Your talents will help you get a job
A recent employment fair attracted around 5,000 fresh graduates, even though there were only around 800 vacancies. This shows the intense competition for jobs in Hong Kong.
At the fair, some security and cleaning firms offered plenty of summer jobs for youngsters, with many benefits. One student named Kwan was hired immediately by a sports company after a quick interview because he was keen on basketball and knew a lot about athletics.
I think his case shows that academic results are not the only basis for hiring. A person's interests, talents and skills are also important.
Angel Chan, Leung Shek Chee College
From the Editor
Thank you for your letter, Angel. There is so much pressure on Hong Kong students to do well at school, to come top of the class and to achieve straight As. If they don't, many parents feel let down.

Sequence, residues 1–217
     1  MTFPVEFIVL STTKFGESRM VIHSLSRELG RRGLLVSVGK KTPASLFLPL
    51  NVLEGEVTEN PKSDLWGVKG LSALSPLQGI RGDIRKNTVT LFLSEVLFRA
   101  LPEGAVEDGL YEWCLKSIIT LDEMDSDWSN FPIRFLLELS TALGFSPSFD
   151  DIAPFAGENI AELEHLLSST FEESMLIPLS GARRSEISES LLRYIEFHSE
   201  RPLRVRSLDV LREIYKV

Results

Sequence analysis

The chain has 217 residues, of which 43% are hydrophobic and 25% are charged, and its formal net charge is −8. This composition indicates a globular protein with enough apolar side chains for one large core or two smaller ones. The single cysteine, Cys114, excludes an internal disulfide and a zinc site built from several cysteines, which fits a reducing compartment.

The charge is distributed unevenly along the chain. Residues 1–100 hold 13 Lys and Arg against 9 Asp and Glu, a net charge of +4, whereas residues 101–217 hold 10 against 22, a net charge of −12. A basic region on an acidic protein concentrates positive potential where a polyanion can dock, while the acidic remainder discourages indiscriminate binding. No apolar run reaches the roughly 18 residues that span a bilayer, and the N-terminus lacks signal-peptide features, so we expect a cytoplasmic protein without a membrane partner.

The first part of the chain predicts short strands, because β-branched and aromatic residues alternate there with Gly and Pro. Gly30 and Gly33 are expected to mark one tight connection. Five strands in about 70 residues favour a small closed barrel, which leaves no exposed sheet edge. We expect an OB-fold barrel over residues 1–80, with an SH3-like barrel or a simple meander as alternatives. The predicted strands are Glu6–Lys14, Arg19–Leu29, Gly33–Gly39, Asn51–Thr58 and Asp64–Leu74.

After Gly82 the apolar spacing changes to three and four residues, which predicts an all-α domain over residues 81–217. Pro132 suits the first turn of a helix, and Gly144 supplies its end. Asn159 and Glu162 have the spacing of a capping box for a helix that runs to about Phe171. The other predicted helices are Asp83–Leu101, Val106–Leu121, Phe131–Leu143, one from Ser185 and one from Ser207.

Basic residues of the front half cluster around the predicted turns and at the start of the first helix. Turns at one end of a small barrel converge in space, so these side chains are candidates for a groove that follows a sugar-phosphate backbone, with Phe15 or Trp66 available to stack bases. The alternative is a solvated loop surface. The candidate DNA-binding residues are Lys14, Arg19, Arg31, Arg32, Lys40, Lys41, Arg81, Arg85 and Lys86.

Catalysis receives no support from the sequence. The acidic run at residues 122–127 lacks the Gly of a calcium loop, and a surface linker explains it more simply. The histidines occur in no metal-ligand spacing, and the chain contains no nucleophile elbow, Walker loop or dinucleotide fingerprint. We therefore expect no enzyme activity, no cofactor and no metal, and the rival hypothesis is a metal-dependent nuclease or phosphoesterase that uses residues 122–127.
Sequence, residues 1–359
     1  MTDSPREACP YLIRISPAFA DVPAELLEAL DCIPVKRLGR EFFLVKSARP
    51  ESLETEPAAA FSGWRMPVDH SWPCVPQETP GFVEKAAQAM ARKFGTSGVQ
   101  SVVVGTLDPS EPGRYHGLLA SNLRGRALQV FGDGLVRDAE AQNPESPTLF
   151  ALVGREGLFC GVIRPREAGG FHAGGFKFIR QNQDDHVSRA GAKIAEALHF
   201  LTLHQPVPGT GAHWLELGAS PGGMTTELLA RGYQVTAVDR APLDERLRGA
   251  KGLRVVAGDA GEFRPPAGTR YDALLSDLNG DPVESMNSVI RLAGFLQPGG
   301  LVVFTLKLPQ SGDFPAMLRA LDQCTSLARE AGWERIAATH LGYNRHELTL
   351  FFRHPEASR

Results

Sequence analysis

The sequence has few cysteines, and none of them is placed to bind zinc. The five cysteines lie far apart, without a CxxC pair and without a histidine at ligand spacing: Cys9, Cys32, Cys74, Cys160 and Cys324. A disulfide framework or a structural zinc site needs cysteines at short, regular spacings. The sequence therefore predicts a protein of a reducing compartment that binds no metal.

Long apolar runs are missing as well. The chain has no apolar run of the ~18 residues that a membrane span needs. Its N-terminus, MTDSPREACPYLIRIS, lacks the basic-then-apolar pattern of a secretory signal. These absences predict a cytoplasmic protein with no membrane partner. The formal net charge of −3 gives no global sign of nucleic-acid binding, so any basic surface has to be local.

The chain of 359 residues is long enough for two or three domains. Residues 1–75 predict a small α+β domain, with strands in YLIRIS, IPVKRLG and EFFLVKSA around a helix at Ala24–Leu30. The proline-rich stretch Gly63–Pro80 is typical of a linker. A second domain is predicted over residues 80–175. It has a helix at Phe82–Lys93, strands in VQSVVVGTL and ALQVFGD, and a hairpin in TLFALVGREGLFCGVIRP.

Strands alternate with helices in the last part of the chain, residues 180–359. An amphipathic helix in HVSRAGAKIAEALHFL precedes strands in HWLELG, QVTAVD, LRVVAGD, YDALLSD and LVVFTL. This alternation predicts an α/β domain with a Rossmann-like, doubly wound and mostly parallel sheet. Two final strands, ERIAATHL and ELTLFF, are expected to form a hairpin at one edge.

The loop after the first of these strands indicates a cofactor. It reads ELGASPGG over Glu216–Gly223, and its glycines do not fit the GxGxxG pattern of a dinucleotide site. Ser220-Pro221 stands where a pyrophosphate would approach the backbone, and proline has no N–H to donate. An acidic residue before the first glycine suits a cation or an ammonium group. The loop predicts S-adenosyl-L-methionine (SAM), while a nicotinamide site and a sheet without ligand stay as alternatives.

But not everybody is strong academically, and not everyone was meant to be a doctor, lawyer or accountant. There are a lot of careers in the world, and not all of them require you to be a 'brainiac'. For many jobs, practical skills are more valuable than mental capacity.
This isn't to say that you shouldn't work hard at school - the subjects you learn there are valuable, whether or not you use them directly in your future. Just because you have no plans to solve complex mathematical theories for a living doesn't mean you don't need to know how to multiply and subtract.
But it does mean that, if you're not a straight-As student, you have other talents and strengths. You just have to find them, and make the most of them. Your passions and interests can help you find a great job, just as much as good grades can.
Karly, Deputy Editor